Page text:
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Blake v. Classic Alaska Trading/Big Ray's Alaska, Inc.

United States District Court, D. Alaska

August 27, 2018




         Pursuant to the request of the defendant in this case, the Court has considered whether to exercise its discretion to certify a question of Alaska state law to the Alaska Supreme Court under Alaska Appellate Rule 407(a). Under this Rule, the Court may certify to the Alaska Supreme Court a question of state law “which may be determinative of the cause then pending in [this Court] and as to which it appears to [the Court] there is no controlling precedent in the decisions of the supreme court of this state.”[1] “The decision to certify a question to a state supreme court rests in the ‘sound discretion' of the district court.”[2]

         As explained herein, the Court concludes that the standard for certification is satisfied here with respect to the question of what is the proper burden of proof that applies to establishing an exemption from overtime under the Alaska Wage and Hour Act, AS 23.10.50-150.


         Catherine Scalf is a former employee of Classic Alaska Trading/Big Ray's, Inc. who filed a claim against the company for violations of federal and state labor laws related to her time working at the company's Big Ray's stores in Fairbanks, Alaska.[3] She contends she was not paid overtime wages as required under the Fair Labor Standards Act, 29 U.S.C. § 201, et seq. (“FLSA”), and the Alaska Wage and Hour Act, AS 23.10.50- 150 (“AWHA”). The Court recently denied the parties' cross motions for summary judgment as to Catherine Scalf's claims. Trial in Ms. Scalf's case has not yet been scheduled. Ms. Scalf's claims against Classic turn on whether Ms. Scalf is considered a non-exempt employee who is entitled to overtime wages, or an exempt employee to whom Classic was not obligated to pay overtime under either the FLSA or the AWHA.

         The FLSA requires that employers pay overtime wages to employees who work more than 40 hours per week.[4] However, “[e]mployees who are employed in executive, administrative, or professional capacities are exempt from that overtime requirement.”[5]Regulations define whether an employee is “employed in a bona fide executive, administrative, or professional capacity” so as to be exempt under 29 U.S.C. § 213(a)(1). The AWHA, like the FLSA, requires employers to pay overtime wages, equal to one and one-half times the regular rate, to employees who work more than 40 hours per week.[6]Like the FLSA, the AWHA recognizes exemptions to the overtime requirement for individuals employed “in a bona fide executive, administrative, or professional capacity.”[7]Furthermore, the AWHA adopts the federal definitions for the exemptions.[8] Accordingly, the Alaska Supreme Court has held that when determining whether an employee is exempt under the AWHA, “trial courts should . . . . apply the ‘primary duty test' of [DOL regulations].”[9]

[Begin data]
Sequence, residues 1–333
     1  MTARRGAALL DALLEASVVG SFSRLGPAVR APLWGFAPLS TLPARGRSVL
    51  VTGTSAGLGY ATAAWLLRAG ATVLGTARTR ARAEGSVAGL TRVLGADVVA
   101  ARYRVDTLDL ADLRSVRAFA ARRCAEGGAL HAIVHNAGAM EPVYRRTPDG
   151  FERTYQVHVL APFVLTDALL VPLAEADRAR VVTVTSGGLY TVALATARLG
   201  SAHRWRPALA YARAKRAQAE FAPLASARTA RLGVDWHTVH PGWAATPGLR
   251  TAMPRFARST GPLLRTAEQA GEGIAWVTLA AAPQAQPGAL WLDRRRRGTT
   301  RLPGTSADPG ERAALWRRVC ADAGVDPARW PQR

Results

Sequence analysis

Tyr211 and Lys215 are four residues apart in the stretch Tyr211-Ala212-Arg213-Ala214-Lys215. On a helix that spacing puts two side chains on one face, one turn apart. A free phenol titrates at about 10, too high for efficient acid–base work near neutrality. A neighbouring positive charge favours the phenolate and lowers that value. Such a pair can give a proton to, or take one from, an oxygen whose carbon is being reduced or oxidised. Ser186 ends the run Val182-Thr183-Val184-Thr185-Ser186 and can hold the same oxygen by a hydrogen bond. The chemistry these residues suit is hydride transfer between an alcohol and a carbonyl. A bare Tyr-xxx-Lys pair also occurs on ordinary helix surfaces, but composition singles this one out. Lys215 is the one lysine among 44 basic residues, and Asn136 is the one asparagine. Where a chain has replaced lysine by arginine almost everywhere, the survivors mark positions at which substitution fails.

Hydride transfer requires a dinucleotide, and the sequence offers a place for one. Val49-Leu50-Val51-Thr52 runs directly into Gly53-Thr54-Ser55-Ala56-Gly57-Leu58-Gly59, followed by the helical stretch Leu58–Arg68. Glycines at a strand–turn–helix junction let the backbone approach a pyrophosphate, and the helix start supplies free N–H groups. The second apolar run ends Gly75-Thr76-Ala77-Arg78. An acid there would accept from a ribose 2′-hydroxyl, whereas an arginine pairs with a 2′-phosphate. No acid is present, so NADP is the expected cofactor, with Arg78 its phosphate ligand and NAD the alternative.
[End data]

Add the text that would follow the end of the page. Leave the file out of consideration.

In determining exemptions under the FLSA, courts in the Ninth Circuit apply a preponderance of the evidence standard.[10] However, the standard of proof that the Alaska Supreme Court would apply to exemption claims under the AWHA is not entirely clear at this time. Therefore, this Court respectfully requests that the Alaska Supreme Court address the applicable standard of proof for an exemption to apply under the AWHA.

         In 1993, the Alaska Supreme Court in Dayhoff v. Temsco Helicopters, Inc. adopted a “beyond a reasonable doubt” standard for establishing an exemption under Alaska law.[11] Specifically, the Court held, “If there is a reasonable doubt as to whether an employee meets the criteria for exemption, the employee should be ruled non-exempt.”[12]Again in 2004, the Court held in Fred Meyer of Alaska, Inc. v. Bailey that “[t]he burden is on the employer to prove beyond a reasonable doubt that the employee is exempt.”[13]

         Shortly thereafter, in 2005, the Alaska Legislature amended the AWHA to mirror the FLSA and its accompanying regulations with regard to the exemptions for executive, administrative, and professional employees.[14] The Alaska Supreme Court subsequently appeared to question whether exemptions under the AWHA should continue to require proof beyond a reasonable doubt. In Resurrection Bay Auto Parts, Inc. v. Alder, the Court stated:

We have held [] that employers are required to prove AWHA exemptions beyond a reasonable doubt. Although the burden-of-proof issue is not raised on appeal, we note that other than the Fourth, the circuits that have explicitly adopted a standard of proof for the applicability of FLSA exemptions require proof by a preponderance of the evidence.[15]

         The Court also held:

[a] federal statute, the Fair Labor Standards Act (FLSA), applies concurrently and requires overtime pay under circumstances identical to those identified in the AWHA. The terms used in the AWHA, if not defined in Alaska law, carry the definitions used in the FLSA.[16]

         In light of the foregoing, it is unclear that if the Alaska Supreme Court were presented with the issue, it would overrule Dayhoff and apply the preponderance of the evidence standard to AWHA exemption determinations.

         Because the Alaska Supreme Court's beyond a reasonable doubt standard as articulated in Dayhoff and Fred Meyer has not been expressly overruled by the state's highest court, it is not accurate to say that “no controlling precedent” governs the question of the applicable standard, as Rule 407(a) requires.[17] However, the possible shift in the law prompts this Court to seek certification from the Alaska Supreme Court, as clarification of the standard of proof would assist this Court in accurately instructing the jury on ...

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